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EXPLAINED: What Covid restrictions remain in place in France?

France has ended the requirement for the vaccine pass and relaxed mask rules in many areas, but some restrictions remain. If you're planning a trip to France, this is what you need to know.

EXPLAINED: What Covid restrictions remain in place in France?
From Monday, the vaccine pass will no longer be required to visit bars or cafés in France. Photo by THOMAS COEX / AFP

France suspended its vaccine pass on March 14th, after requiring a pass in various forms since the summer of 2021.

Bars, cafés, restaurants, ski lifts, tourist sites, gyms, leisure centres, sports stadiums, cinemas, theatres, nightclubs, concerts, large events and long-distance trains – none of these venues require any kind of pass or QR code to enter.


Only Ehpad nursing homes, hospitals and medical centres retain the use of the pass and this is the health pass – which means that unvaccinated people can use a recent negative Covid test. Emergency medical care has always been provided with no pass required.

The pass is technically ‘suspended’ rather than scrapped, so it could return if cases spike again. However local authorities do not have the power to impose the use of the vaccine/health pass, so there will be no regional variations on this one. 

Masks – the mask rule has ended for many venues, but there are some exceptions.

It is no longer required in shops, bars, cafés, gyms, leisure centres, workplaces or other indoor venues. The mask requirement for outdoor venues was scrapped earlier in the year.

You must still wear masks, however, on all public transport (including taxis and VTC like Uber) and in all stations, airports and transport interchanges. Failure to wear a mask covering your mouth and nose on public transport can net you a €135 fine.

Masks are also required for patients and visitors in all medical establishments including hospitals and nursing homes.

Private businesses are legally entitled to impose their own conditions of entry, which can include a mask requirement, and local authorities also have the power to impose mask rules if cases spike.

Workplaces – in the workplace, mask-wearing is no longer required (apart from in healthcare settings) and limits on workplace canteens and protocols on ventilation, spacing and hand sanitising have also ended.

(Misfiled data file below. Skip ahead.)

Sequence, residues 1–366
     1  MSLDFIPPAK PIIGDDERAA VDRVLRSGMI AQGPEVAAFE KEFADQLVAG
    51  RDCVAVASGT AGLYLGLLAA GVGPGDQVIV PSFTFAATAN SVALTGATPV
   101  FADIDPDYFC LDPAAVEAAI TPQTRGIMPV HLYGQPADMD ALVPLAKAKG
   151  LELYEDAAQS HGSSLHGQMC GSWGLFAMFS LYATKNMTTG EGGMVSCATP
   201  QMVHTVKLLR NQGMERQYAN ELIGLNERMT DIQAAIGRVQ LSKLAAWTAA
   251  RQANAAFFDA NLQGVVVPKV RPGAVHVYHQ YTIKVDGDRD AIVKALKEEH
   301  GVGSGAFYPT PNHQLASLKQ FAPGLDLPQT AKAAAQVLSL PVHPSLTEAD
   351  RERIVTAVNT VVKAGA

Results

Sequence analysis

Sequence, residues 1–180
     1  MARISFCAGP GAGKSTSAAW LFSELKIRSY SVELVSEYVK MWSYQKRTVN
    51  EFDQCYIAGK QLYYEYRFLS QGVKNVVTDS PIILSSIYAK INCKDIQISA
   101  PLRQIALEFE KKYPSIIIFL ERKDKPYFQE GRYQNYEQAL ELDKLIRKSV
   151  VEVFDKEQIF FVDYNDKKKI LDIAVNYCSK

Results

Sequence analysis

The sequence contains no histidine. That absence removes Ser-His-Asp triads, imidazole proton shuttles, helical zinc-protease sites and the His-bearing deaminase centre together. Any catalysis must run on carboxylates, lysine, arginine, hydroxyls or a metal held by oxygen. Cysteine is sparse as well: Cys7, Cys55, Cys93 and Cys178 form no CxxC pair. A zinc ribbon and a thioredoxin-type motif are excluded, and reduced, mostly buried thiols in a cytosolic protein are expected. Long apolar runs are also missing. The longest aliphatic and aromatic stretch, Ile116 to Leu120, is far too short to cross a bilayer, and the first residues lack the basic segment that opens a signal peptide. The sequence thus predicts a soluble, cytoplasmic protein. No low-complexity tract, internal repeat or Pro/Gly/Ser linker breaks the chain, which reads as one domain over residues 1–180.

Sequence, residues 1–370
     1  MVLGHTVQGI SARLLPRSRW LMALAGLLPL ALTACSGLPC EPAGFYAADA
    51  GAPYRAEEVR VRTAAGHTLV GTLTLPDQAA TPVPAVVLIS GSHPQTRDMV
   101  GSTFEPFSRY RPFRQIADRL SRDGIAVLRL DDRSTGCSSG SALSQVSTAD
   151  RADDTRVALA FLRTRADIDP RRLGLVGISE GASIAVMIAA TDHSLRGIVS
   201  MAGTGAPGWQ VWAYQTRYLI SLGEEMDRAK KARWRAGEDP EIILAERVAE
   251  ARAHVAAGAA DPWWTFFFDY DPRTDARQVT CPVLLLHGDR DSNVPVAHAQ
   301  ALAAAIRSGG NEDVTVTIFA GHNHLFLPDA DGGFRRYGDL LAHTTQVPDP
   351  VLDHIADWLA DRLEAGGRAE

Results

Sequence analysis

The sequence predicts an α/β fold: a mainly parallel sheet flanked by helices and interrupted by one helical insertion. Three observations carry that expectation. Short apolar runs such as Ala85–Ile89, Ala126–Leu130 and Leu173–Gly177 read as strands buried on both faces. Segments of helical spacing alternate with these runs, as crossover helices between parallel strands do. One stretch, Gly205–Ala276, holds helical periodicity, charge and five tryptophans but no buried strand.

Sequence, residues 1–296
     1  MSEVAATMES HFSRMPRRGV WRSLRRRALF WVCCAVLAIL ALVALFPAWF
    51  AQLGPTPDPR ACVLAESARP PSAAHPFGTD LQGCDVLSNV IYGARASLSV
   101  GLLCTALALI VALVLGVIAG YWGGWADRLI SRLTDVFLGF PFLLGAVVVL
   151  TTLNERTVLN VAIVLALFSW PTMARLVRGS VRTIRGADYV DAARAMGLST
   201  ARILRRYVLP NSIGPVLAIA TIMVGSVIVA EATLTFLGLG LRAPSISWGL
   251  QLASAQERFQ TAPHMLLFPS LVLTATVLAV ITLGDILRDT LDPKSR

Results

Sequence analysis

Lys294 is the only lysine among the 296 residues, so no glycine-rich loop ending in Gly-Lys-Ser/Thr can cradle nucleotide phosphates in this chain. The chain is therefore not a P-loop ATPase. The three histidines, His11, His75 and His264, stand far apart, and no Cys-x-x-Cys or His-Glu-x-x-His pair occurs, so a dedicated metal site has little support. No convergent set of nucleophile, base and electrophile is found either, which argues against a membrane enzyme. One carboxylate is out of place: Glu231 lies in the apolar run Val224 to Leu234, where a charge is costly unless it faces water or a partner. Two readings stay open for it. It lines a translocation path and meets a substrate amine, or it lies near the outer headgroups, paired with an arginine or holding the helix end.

As for télétravail (remote working), this “remains in the hands of the employers” said Labour minister Elisabeth Borne. This has been a recommendation rather than a rule, and the government has now ended its recommendation for at least two days a week of remote working, but if people prefer to continue working from home they can discuss it with their employer.

Schools – schools are also covered by the mask rule, so pupils and teachers no longer have to wear masks in class. With a few brief exceptions, masks were compulsory in French schools since May 2020. Schools had returned from the February holidays to a more relaxed health protocol which includes more mixing between classes, the resumption of indoors sports and a less rigorous protocol for children who test positive for Covid.

Vaccine mandate – the mandate making Covid vaccination – including a booster – compulsory for medical staff remains in place.

Travel – as for travel, nothing changes and unvaccinated travellers from certain countries are still barred – click HERE for a full breakdown of the travel rules.

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‘Arrive early’: Passengers at European airports warned of travel disruption

Europe's airports chief told passengers to leave time for delays this summer as the air travel industry struggles to meet surging demand after the pandemic.

'Arrive early': Passengers at European airports warned of travel disruption

“The clear conjunction of a much quicker recovery with a very tight labour market is creating a lot of problems,” Olivier Jankovec, head of the Europe branch of the Airports Council International (ACI), told AFP.

He said there were issues from airports to airlines, ground handlers, police and border controls, but insisted: “The system still works”.

READ ALSO: Budget airline passengers in Europe face travel headaches as more strikes called

“It’s important for passengers that they communicate with the airlines in terms of when they should get to the airport, and prepare to come earlier than usual to make sure to have the time to go through, especially if they have to check luggage,” he said.

Strikes by low-cost pilots and cabin crew across Europe – including this weekend – are adding to the disruption.

Speaking at the ACI Europe annual congress in Rome, Jankovec said airports had taken measures to improve the situation, which would come into effect from mid-July.

“Additional staff will be coming in July, the reconfiguration of some of the facilities and infrastructure to facilitate the flows will also come into effect in July,” he said.

“I think it will be tight, there will be some disruptions, there will be longer waiting times.

READ ALSO: Airport chaos in Europe: What are your rights if flights are delayed or cancelled?

“But I think that in the vast majority of airports, the traffic will go, people will not miss their planes, and hopefully everybody will be able to reach their destination as planned.”

He also defended increases in airport charges, after criticism from the International Air Transport Association (IATA), which represents airlines.

Airports face “the same difficulties and inflationary pressures” as airlines, which he noted were putting their fares up, he said.

“Staff and energy is 45 percent of our operating costs, and of course inflation is also driving up the cost of materials,” he said.